Book review: Wednesday Warriors: Doing it for the jumper: the St Pat’s Ballarat tradition

Title: Wednesday Warriors: Doing it for the jumper: the St Pat’s Ballarat tradition

Author: James Gilchrist

Publisher: Conor Court Publishing, Ballan, Victoria (2010)

The recent launch of James Gilchrist’s excellent book on his season following the first eighteen from St Pat’s Ballarat was held at the Celtic Club in Melbourne. The venue was appropriate considering that, since the time St Pat’s stated fielding footy teams in 1893, a large number of the college’s players have been the sons of Western District potato farmers of Irish stock who’ve come in to board at the famous college.

I spent a good part of the launch in a circle with half a dozen high-achieving sons of St Pat’s, like Paul James, the 1983 St Pat’s captain and best-and-fairest. In speaking to James I had the chance to ask about my one game against St Pat’s, in a practice match at the St Bernard’s oval in Essendon in 1982.

St Bernard’s was a Christian Brothers school, like St Pat’s, but it wasn’t a boarding school. In my day it was a very local school. Every St Bernard’s student lived within three kilometres of the senior campus. On the day we hosted the St Pat’s footballers, we scooted down the hill towards the oval on bikes or on foot, wearing any old tracksuit, feeling bedraggled from the weekend’s activities and the unaccustomed demand of representing the school on a non-school day.

I recall having a kick on the ground before the match, marvelling at the number of St Columban’s girls who seemed to welcome the novelty of Sunday school sport, when the St Pat’s bus pulled up and the players filed out — in uniform! They ran out on to the ground with every player wearing a long-sleeved guernsey (not one sleeveless jumper among them), took their positions in an orderly fashion, and proceeded to take the ball from the centre and shoot it over my head for a series of goals.

I was playing in the unaccustomed position of full-back, having recently achieved a height that meant I had outgrown the wing. I jostled with my opponent the first time. The next time he jumped on my shoulders and took a speccie. Then he did it again. I had four goals kicked on me by early in the second quarter.

Then the St Bernard’s team woke up and we settled into a pattern. From deep in defence, I booted long drop punts (I reckon I learned to kick in that game) to Wayne Carey (the original Wayne Carey, our ruckman). Wayne dished it off to a runner who kicked it to centre half-forward Greg Lane, who kicked a goal, and so we fought back into the game. We actually outscored the mighty St Pat’s, the team who wore uniforms on Sundays, for the second half. I ended up with six kicked on me. The St Pat’s players put their uniforms back on and filed back on to the bus.

No one in our circle at the Celtic Club on the night of the book launch could recall the name of the 1982 full-forward who leapt on to my shoulders. Perhaps that team had a range of players who could have performed such heroics. If so, it’s not a surprise.

The list of brilliant former St Pat’s footballers is extensive. Former students on current AFL lists include Drew Petrie (North Melbourne), Matt Austin (Brisbane), Shaun Grigg (Carlton), Nick Suban (Fremantle) and the Brown twins (Collingwood and West Coast).  Petrie was interviewed for the book. He likens playing for North Melbourne to playing for St Pat’s in that both have a tradition of playing with their backs to the wall.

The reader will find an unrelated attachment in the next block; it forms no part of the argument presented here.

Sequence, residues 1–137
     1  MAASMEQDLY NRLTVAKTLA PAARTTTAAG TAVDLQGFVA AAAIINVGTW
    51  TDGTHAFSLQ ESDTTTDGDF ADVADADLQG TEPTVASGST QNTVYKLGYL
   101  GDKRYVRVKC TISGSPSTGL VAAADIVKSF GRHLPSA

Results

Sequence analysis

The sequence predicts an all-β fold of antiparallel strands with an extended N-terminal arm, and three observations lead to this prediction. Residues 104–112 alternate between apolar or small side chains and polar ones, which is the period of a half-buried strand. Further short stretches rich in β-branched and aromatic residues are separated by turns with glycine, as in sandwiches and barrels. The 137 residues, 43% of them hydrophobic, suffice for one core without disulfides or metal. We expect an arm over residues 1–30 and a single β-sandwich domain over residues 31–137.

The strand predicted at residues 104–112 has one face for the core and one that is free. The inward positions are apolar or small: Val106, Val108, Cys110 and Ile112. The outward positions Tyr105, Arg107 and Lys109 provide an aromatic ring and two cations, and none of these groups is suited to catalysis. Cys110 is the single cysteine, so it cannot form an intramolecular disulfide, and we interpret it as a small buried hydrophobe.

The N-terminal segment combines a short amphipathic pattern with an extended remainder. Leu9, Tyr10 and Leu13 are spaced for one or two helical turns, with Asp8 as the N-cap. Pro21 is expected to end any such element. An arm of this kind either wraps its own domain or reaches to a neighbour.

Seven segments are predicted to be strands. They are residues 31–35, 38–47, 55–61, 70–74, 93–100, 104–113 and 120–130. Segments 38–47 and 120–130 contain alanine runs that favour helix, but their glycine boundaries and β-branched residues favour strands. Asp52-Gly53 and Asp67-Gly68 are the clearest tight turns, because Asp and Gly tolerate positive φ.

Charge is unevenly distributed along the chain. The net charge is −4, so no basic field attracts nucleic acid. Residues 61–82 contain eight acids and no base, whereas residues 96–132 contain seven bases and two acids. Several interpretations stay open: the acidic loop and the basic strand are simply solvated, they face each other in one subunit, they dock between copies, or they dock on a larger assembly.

Several former league players who went through St Pat’s are profiled, including John James (Carlton), George Pell (Richmond), Barry Richardson (Richmond), Brian Brown (Fitzroy) and Mick McGuane (Collingwood), as well as Petrie and Nathan Brown of the Brown twins. Nathan Brown was a senior player at Collingwood when he went to a Herald-Sun Shield semi-final between St Pat’s and St Joe’s Geelong at the North Port Oval in Port Melbourne wearing his old St Pat’s jumper.

All the profiles are fascinating but my favourite is that of Alex McDonald, the former Hawthorn and Collingwood half-back and the oldest brother of Melbourne captain James. In the book, Alex describes his heroes as Gary Ablett senior, Greg Norman and Mother Theresa, because of her selflessness. Gilchrist, rightly in my view, asks the question whether the St Pat’s tradition of selflessness ultimately hurt McDonald in his ambition to play his best footy. “As heretical as it sounds, would he have benefited from a little selfish flair now and then?”

McDonald’s ability to unite those around him is exemplified with the story from his 20-year school reunion. A former classmate walked in to the room wearing ostentatious gothic gear — accompanied by his boyfriend. McDonald broke the silence by walking up to his old classmate and beginning to chat. His inclusiveness has underpinned his life from school days.

The book’s appendix include a list of the 90 former St Pat’s footballers who’ve played senior footy in the VFL/AFL. I was pleased to see that that list includes Jack Hogan, the larrikin father of the girl I went out with as a teenager, if only to have it verified that Jack played two games at Collingwood, in 1960. In 1961, according to the book, there were an extraordinary 15 former St Pat’s players on VFL lists.

While the book celebrates the school’s mighty legacy of footballers, its underpinning is education. James Gilchrist grew up in Creswick, near Ballarat, and was a day student at St Pat’s. In 1988 he played four games in the first eighteen. In the 1990s he was teaching in London when he became horrified by the things of which teenage boys were capable. He thought of his time at St Pat’s and the lessons he learned. Throughout the years since then, he’s considered the question of educating teenage boys.

In 2009, Gilchrist shocked his wife and friends when he announced that he would use his long-service from Genazzano, the Catholic girls’ school in Kew, to write a book about the footy tradition at St Pat’s. His intention was to create a “case study in how football can have an inspiring effect on the lives of young men as part of their broader education.”

He does it well. The structure is of the book is to alternate chapters on former St Pat’s champions with chapters on the first eighteen’s 2009 season. In the profiles of former league players, the players themselves rarely mention footy. Instead they make much of the values they learned.